As noted in my Times story, Bower told me he was unaware there had originally been a rule requiring goalies to remain standing. He also told me it probably wouldn’t have made much of a difference to his decision to become a goalie. “No one really flopped down,” he said. “As a child, I would stand up, I was scared. No one had to say anything to me.”

But, of course, there would be occasions when he had to drop to the ice to make a save. “My dad said, ‘you fall to much.’ I said ‘Dad, you don’t know hockey. I have to do what I have to do.’ It turned out just great.” Bower told me he always considered himself a standup goaltender, “but the poke check was a big plus.”

1918
This announcement  was made by NHL president Frank Calder from his office
in Montreal on January 9, 1918. (From the Ottawa Journal, January 10, 1918.)

The poke check, often diving head first (without a mask!) toward an on-rushing opponent, became Bower’s signature move.  As Leafs president Brendan Shanahan told reporters shortly after Bower’s death on Boxing Day: “Not too many people in sports have a name where it almost becomes a verb. If you were playing street hockey and you poke-checked somebody, you’d yell, ‘Johnny Bower. I just Johnny Bowered you.’”

Like Johnny Bower, Glenn Hall regarded himself as a standup goaltender, even though he’s considered the pioneer of the butterfly style. Spreading his legs wide to block the bottom of the net was merely an extension of his natural style. “I always played in a deep crouch,” he explained. “[Terry] Sawchuk did too. But I looked at the other goalkeepers who were just a little before me; Chuck Rayner and Sugar Jim Henry were two of my favourites. Both were standup.”

Hall told me that when he was playing junior hockey in the Red Wings farm system in Windsor, Ontario, he would go to Detroit to watch NHL games. “That’s when I saw those guys … but I never saw a goalkeeper I didn’t like. You didn’t steal from them exactly, but you noticed what they were doing and if it was getting results or making things more difficult.”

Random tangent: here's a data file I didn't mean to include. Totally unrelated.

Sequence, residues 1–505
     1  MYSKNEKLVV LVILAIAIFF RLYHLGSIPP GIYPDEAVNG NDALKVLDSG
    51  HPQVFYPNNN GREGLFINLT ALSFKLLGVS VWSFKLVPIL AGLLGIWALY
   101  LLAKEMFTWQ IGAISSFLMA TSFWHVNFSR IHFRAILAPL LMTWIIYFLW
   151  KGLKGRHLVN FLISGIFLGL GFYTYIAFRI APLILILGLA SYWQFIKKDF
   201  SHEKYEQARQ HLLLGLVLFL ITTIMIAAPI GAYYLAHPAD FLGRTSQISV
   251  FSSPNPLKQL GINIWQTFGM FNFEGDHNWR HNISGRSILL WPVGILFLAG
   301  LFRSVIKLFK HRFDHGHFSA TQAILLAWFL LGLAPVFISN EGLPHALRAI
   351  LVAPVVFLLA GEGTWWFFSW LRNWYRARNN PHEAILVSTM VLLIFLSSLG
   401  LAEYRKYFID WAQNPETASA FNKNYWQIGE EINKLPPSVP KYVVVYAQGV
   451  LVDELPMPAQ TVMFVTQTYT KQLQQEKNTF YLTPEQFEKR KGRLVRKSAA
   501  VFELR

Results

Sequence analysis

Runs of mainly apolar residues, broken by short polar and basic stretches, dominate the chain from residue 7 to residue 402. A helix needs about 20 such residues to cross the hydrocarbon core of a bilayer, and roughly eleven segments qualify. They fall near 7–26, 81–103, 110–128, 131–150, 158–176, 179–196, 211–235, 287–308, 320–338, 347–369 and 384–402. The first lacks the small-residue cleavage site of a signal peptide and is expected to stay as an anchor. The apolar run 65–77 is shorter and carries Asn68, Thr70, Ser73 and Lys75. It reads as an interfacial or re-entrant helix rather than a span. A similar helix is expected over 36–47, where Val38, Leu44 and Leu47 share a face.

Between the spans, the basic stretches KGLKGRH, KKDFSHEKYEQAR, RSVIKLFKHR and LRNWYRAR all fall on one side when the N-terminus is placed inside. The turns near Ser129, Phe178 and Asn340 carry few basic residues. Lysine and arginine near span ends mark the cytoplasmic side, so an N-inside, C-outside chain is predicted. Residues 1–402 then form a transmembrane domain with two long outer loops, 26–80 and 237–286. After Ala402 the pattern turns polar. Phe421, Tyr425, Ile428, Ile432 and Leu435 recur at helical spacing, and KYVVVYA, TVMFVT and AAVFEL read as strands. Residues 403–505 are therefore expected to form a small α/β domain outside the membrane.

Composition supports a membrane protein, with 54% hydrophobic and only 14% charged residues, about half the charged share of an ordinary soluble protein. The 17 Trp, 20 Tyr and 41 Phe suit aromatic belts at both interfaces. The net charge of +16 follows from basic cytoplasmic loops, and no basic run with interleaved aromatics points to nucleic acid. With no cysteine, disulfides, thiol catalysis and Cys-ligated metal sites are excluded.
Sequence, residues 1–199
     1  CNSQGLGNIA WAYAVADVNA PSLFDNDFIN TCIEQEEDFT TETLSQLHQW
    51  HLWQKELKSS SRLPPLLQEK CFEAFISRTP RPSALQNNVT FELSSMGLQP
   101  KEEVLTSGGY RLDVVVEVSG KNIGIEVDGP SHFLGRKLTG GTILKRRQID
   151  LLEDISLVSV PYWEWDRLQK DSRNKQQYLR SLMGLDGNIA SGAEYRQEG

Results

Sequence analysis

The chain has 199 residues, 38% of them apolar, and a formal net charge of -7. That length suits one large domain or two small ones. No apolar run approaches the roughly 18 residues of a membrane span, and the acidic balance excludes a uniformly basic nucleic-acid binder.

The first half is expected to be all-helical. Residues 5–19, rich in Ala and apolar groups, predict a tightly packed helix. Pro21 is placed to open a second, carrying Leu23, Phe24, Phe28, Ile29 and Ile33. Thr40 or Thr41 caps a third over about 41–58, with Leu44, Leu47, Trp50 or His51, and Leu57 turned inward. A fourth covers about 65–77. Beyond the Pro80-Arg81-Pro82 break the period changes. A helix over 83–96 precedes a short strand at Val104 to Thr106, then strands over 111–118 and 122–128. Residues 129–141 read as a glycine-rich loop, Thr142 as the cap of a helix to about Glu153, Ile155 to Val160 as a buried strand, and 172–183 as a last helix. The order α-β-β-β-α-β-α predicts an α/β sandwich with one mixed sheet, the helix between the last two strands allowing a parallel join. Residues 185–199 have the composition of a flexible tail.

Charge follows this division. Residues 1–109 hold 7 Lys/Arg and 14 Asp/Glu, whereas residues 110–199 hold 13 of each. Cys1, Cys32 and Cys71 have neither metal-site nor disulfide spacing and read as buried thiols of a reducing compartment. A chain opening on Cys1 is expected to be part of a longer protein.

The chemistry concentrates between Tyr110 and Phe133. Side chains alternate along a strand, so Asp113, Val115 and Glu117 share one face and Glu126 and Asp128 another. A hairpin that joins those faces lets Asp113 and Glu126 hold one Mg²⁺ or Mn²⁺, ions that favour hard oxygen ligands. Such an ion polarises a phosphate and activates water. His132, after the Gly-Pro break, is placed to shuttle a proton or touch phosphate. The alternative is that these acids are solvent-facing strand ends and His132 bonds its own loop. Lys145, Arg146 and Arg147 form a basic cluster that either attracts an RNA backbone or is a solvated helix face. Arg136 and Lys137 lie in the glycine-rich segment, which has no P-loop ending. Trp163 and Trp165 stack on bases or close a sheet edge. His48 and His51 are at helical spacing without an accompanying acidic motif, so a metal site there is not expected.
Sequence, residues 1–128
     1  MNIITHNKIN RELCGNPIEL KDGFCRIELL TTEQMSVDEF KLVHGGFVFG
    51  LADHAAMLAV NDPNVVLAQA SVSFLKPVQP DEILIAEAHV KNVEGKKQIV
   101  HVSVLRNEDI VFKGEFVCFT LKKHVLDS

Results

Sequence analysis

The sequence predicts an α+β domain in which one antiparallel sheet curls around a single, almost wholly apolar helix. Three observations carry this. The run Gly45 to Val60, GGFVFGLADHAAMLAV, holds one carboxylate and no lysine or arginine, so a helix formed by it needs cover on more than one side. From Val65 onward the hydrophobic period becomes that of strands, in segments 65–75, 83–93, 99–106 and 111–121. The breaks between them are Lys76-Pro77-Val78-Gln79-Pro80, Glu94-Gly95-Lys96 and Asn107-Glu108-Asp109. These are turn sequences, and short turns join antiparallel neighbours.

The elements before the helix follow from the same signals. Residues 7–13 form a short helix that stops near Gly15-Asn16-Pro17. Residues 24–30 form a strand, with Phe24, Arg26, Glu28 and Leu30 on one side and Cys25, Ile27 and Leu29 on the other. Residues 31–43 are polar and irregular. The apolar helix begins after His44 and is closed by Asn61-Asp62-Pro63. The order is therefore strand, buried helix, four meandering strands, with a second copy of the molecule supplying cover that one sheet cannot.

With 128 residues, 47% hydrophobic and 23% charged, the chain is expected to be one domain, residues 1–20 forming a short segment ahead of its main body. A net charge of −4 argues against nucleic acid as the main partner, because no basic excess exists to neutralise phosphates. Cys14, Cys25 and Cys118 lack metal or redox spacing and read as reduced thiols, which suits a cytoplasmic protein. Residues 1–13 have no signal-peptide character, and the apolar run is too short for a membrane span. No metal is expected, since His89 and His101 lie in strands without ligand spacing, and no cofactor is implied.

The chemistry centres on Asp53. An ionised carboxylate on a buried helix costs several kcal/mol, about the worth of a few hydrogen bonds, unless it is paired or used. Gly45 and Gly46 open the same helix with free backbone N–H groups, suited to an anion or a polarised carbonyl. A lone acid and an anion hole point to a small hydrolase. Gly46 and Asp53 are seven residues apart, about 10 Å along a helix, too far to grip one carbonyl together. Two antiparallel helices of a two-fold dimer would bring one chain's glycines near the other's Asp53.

Hall
Contact Darrin at: inthebluepaint@gmail.com

Hall was aware of the old rule about goalies standing. “I think at one time I knew that,” he said. But even long after the rule had changed, coaches in his era weren’t exactly progressive in their thinking. “They had a few silly rules. Coaches would holler, ‘Stand up. Don’t touch the puck unless it’s going in the net.’ So many stupid things.”

There were no specialized goalie coaches in Glenn Hall’s time. The men behind the bench were usually ex-forwards or defensemen. “You never thought of the coaches,” he said. “They didn’t know anything about playing goal.” Former Boston Bruins goaltending great Tiny Thompson was a Black Hawks scout when Hall got to Chicago. “I liked to talk to him, but he never offered any hockey advice. Nor did I ask him.”

I asked Hall who was the best goalie he ever saw. “I never played against anyone I thought was better than me,” he said with a smile in his voice. But he did admit that, “Sawchuk, in his first four years, was unbelievable.” He also loved Gump Worsley and Johnny Bower. “Both were great goalies.” (Unfortunately, I didn’t realize until we were done that I hadn’t asked him about Jacques Plante.)

1917
Clint Benedict’s habit of accidentally falling to the ice is often credited with changing
the NHL rule about goalies, but Art Ross had spoken in favour of the change prior to
the start of the first NHL season. (From the Ottawa Journal, December 17, 1917.)

More recently, Martin Brodeur was someone Hall admired, but he had trouble relating to Dominik Hasek. “Hasek was different,” he said. “I wasn’t watching a lot of hockey then, but I hated to guess and a lot of Hasek’s moves looked like guess-type moves. He must have known what he was doing, but I would have had trouble playing like that.”

So would Mr. Goalie – a man who has a reputation for being sick to his stomach before nearly every game he played – still have wanted to be a goalie if the rules had required him to remain standing?

“Yes, of course! I didn’t start playing goal until I was about 10 or 11, but I found out it was the most interesting spot to play. That’s where all the action was. That’s what made it enjoyable. That’s where things were happening.”